The University of South Wales was founded in 2013 through the merging of the University of Glamorgan and the University of Wales, Newport.
The University of Wales, Newport originated in the Newport Mechanics’ Institute, founded in 1841. The South Wales and Monmouthshire School of Mines, founded in 1913, evolved into the Polytechnic of Wales before becoming the University of Glamorgan in 1992.
At the university’s formation it was the sixth largest university in the United Kingdom, with 33,500 students.
In 2014, Rowan Williams, who was the 104th Archbishop of Canterbury, was appointed chancellor of the university.
Spread over its campuses in Cardiff, Pontypridd and Newport, there are four faculties: Business and Society; Computing; Engineering and Science; Creative Industries; and Life Sciences and Education.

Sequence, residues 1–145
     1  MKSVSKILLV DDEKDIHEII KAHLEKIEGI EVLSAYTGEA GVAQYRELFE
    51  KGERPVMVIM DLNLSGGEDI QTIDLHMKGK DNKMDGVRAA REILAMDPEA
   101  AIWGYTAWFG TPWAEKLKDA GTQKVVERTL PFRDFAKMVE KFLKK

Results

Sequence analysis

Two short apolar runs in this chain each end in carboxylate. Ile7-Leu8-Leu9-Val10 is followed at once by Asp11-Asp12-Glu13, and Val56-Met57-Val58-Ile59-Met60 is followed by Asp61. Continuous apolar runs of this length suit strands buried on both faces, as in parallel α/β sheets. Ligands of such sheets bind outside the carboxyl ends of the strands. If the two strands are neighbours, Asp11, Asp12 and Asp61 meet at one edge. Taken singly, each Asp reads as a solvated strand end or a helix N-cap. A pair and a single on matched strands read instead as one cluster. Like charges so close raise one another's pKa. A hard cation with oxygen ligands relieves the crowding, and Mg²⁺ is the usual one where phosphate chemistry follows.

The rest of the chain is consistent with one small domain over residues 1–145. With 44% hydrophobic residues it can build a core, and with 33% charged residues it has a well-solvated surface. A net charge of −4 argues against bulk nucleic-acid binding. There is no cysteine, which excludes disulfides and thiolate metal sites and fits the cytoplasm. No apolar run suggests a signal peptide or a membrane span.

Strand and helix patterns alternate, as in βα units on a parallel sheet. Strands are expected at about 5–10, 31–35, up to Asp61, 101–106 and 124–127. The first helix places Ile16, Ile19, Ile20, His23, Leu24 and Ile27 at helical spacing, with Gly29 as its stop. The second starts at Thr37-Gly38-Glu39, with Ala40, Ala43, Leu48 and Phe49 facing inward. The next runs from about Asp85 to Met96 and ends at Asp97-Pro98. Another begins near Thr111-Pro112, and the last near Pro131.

The school prides itself on the high employment rates of its graduates and students are given the opportunity to prepare for the working world with simulation environments, such as a courtroom, forensic scene of crime house, film, fashion and music studios, and an aerospace centre with two aircraft hangars.
The School of Creative Industries is renowned for producing theatre designers, poets, scriptwriters, and authors. It includes a film school, animation facilities, broadcasting studios, and a photography school. The university is also famous for its national music and drama conservatoire, the Royal Welsh College of Music and Drama.
In 2016 the university launched The National Cyber Security Academy, a joint venture with industrial partners and the Welsh Government.
The university has produced many notable artists, writers, media personalities, and politicians, such as the artist Roger Cecil, the science fiction author Gareth L. Powell, and the filmmaker known for such documentaries as Amy and Senna, Asif Kapadia.